Salem Al Marri said: “The objectives of the UAE Astronaut Programme are well achieved with the success of the first UAE manned mission to space. Hazzaa’s mission will be a cornerstone for successful case studies, to ensure knowledge transfer and capacity building processes are in place for the next generation of astronauts.”

He added, “This mission wouldn’t have been successful without the efforts of a big team at MBRSC; a team that handled all aspects of this mission in a zero-error environment; the scientific team who planned the experiments for the mission, as well as the ground stations team in Dubai, Moscow and Houston who made communicating with Hazzaa possible; and the administration team who managed all details of the mission; those and our local partners in UAE are all a fundamental part of the success of the mission.”


Al Mansoori returned to earth aboard the Soyuz MS-12, along with Nick Hague and Aleksey Ovchinin, who were at the ISS since March 2019.

MBRSC explained that the undocking took place on 3 October, around 3.5 hours before the touchdown on Earth.

The spacecraft began the deorbit burn to ensure that its speed reached 128 metres per second. After two and a half hours in solo flight, when the Soyuz was around half an orbit from its landing site, the spacecraft oriented itself, tail first, in preparation for a braking manoeuvre, over the Southern Pacific and the Atlantic, near the southern tip of South America.

MBRSC said that, 30 minutes before landing, the three modules of the Soyuz MS-12 separated at an altitude of 140 kilometres: the descent module with the crew headed for landing, while the two other compartments burned up in the atmosphere. At that point, the cover of the parachute container was jettisoned, the main parachute opened at an altitude of 10.7 kilometres, and the braking parachute was jettisoned. When the main parachute was fully deployed, the reentry capsule entered a stable descent with a speed of around 7.2 meters per second.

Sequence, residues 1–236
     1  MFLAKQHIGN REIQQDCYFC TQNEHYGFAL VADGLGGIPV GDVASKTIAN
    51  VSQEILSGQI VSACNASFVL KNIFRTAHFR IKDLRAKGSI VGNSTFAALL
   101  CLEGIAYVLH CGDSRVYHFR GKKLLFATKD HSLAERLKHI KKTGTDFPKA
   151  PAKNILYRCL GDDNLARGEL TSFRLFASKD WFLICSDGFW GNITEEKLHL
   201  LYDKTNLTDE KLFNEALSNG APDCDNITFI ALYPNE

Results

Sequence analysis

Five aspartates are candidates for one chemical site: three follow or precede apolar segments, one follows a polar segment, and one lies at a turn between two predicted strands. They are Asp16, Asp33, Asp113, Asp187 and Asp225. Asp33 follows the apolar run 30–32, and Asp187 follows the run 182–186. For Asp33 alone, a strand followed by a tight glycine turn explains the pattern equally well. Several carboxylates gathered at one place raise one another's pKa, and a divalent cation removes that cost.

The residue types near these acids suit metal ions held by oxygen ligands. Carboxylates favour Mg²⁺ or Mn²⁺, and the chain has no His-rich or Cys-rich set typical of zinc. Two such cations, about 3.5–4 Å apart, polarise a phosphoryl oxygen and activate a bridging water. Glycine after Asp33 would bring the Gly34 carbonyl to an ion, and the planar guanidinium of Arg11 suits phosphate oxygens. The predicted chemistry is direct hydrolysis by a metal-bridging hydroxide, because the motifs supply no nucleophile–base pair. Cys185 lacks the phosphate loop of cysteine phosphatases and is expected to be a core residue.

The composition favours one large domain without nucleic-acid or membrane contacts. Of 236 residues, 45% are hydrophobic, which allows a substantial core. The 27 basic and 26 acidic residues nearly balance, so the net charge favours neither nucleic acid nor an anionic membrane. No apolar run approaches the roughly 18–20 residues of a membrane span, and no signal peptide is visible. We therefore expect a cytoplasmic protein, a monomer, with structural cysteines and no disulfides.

At an altitude of between 1.1 and 0.8 metres from Earth, the Kaktus altimeter issued a command for the firing of the braking solid motors, DMP, and a giant parachute of 10,767 m2 area launched to slow down the speed of the spacecraft to 7m/sec. The spectacular firing took place around 0.7 meters above the surface, reducing the descent speed of the capsule to between 1.5 meters per second, leading to a smooth and quiet touchdown, north east of Baikonur Cosmodrome.

UAE Astronaut Programme

The mission is part of the UAE Astronaut Programme, which is overseen by the Mohammed bin Rashid Space Centre (MBRSC). The UAE Astronaut Programme is the first integrated programme in the Arab region to prepare national cadres to participate in human space flights and carry out various scientific missions, in addition to becoming a part of the research carried out by the global scientific community to devise solutions to many challenges facing humanity.

The UAE Astronaut Programme is funded by the ICT fund of the Telecommunications Regulatory Authority (TRA). Launched in 2007, this fund, which is the first of its kind in the Arab world, aims towards supporting research and development within the ICT sector in the UAE, helping it to grow into a nationally significant industry with a leading place in the world.